Good Luck To You, Leo Grande isn’t quite as raunchy as it probably could – and should – have been, but it’s still a delightful step forward for sex positivity on screen.
Sex. It’s a touchy subject, especially on screen. We immediately get a bit awkward and fumble our words when someone mentions intercourse, but thankfully, Sophie Hyde’s excellent Good Luck To You, Leo Grande is here to confront all our insecurities and fears about sex, especially as we grow older.
Emma Thompson plays Nancy who books sex worker Leo Grande (Daryl McCormack) to fulfil her sexual desires and fantasies after her husband has died. Nancy has never been sexually satisfied and has never had an orgasm, but that’s what Leo is here for.
Hyde did the wonderful Animals a few years prior, which also premiered at Sundance. Leo Grande is the neater and safer of the two films, but it’s still a remarkably funny, sensitive and insightful look into the sex life of an aging woman as well as sex work in general.
Nancy is insecure of her body and even more insecure in her desires and sexual needs, but at every turn, Leo assures her, compliments her and most importantly, asks for her consent. He asks if it’s alright to touch her and to kiss her. By doing this, Leo gives Nancy the reigns, lets her be in control of how this all unfolds, which is not only crucial in terms of sexual violence, but also allows Nancy for the very first time decide how things happen. It’s a small thing and Hyde and writer Katy Brand by no means make it into a big point, but for women everywhere, it means a lot.
Thompson is as good as she always is. For most of the film, she plays Nancy almost as a version of herself. She’s witty, fidgety, but always approachable. There is an especially tender moment towards the end of the film where Nancy finally looks at herself in the mirror, really looks at herself, taking in every crease and every imperfection and finally recognises the beauty of her body. It’s incredibly moving and something that almost everyone will be able to relate to.
While Thompson is good (when is she not?), this feels very much like McCormack’s show. His performance is nuanced and delicate in all the right ways. While Brand’s script still leans a little bit into the cliche that all sex workers are somehow damaged, McCormack offers a relaxed and positive look at sex work and the people who go into sex work and why they might do it.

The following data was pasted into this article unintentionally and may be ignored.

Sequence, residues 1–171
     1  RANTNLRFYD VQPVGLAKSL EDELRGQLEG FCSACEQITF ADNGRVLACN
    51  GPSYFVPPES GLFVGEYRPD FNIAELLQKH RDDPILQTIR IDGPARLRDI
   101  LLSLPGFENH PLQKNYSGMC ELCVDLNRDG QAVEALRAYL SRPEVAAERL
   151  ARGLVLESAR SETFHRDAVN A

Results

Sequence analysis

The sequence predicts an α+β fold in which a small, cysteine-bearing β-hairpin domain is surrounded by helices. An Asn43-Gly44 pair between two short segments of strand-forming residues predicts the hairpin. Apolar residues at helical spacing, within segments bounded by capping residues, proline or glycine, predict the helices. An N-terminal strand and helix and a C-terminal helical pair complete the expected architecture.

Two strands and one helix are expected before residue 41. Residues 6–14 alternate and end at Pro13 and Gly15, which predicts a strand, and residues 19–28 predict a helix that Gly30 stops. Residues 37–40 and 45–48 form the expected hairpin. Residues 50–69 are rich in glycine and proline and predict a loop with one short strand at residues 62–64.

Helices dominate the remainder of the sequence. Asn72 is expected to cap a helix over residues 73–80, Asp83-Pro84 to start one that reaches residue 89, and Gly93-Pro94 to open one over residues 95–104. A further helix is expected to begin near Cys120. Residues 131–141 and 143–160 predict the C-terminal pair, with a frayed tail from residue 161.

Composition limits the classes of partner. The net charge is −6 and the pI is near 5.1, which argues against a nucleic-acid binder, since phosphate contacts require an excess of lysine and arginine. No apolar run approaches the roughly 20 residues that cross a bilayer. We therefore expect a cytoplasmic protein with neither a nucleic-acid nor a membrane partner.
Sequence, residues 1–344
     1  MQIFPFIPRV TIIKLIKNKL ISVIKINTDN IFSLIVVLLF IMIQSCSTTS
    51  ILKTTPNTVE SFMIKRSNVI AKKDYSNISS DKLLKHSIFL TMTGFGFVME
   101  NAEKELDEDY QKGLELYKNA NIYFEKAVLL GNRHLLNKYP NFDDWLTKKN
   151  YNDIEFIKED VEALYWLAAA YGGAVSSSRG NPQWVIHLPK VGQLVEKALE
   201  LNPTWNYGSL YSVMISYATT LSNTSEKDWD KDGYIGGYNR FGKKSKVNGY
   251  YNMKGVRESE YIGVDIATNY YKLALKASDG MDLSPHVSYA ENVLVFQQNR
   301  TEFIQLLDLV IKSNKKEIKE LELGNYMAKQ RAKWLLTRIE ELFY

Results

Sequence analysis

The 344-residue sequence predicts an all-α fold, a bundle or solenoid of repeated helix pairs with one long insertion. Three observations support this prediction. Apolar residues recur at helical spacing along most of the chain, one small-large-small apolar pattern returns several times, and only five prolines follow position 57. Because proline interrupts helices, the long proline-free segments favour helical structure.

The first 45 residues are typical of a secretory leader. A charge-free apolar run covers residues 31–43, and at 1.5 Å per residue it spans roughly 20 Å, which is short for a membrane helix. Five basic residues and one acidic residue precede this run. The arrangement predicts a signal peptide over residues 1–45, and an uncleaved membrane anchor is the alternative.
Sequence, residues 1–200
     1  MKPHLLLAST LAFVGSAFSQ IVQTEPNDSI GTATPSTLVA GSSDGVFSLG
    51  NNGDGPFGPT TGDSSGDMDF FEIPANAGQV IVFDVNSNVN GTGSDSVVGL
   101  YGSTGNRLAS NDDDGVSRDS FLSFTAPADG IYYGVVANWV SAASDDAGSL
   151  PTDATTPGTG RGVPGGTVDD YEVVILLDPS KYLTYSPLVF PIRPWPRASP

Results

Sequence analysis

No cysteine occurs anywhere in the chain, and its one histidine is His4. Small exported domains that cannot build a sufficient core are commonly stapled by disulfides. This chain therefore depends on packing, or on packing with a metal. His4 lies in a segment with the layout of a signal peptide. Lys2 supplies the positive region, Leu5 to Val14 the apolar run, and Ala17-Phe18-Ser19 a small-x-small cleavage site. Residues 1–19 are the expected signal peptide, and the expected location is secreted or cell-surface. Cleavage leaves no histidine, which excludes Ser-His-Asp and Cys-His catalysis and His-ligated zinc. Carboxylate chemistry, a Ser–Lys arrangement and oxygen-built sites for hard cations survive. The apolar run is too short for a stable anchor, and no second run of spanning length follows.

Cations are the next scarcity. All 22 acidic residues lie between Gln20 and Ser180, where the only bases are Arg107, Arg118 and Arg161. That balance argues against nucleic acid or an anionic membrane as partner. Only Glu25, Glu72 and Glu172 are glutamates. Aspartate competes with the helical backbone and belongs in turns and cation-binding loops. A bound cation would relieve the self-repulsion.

Leo Grande isn’t massively complex with its themes; they’re all laid out, nice and neat, early on and it never really diverts from them. It’s the film’s frank and honest discussion of sex and female desire that makes Leo Grande so enjoyable. It talks about pleasure as something that everyone deserves and even makes some interesting, compelling notes on why we should legalise sex work in the UK.
If there’s something to criticise, it’s perhaps mostly to do with the premise itself. Leo Grande is very heteronormative in its approach to Nancy’s sexual freedom. She hasn’t been able to orgasm even on her own and while Hyde and Brand make sure to hammer down that Nancy grows into a sexually confident woman who can bring herself pleasure.
But the idea that Nancy still requires a traditionally attractive, younger man to unlock her sexual pleasure seems a little reductive in a film that otherwise feels so groundbreaking. Leo does pull out a tiny, very inoffensive sex toy from his bag at one point, never to be used, and it feels like Hyde could have pushed a bit further with this.
There is an amusing and fun montage of the two having raunchy sex at the very end of the film, but other than that, Leo Grande is very conservative and almost prudish with how much nudity and sex is on screen. Of course, we were never gonna see Emma Thompson give a blow job to a much younger man in closeup, but a film that celebrates sexual freedom this much could have done so much more with its portrayal of sex. Sex is implied more than it is shown, but thankfully, the two actors have great chemistry which carries the film even when it threatens to get a bit stale.
Good Luck To You, Leo Grande is in cinemas June 17.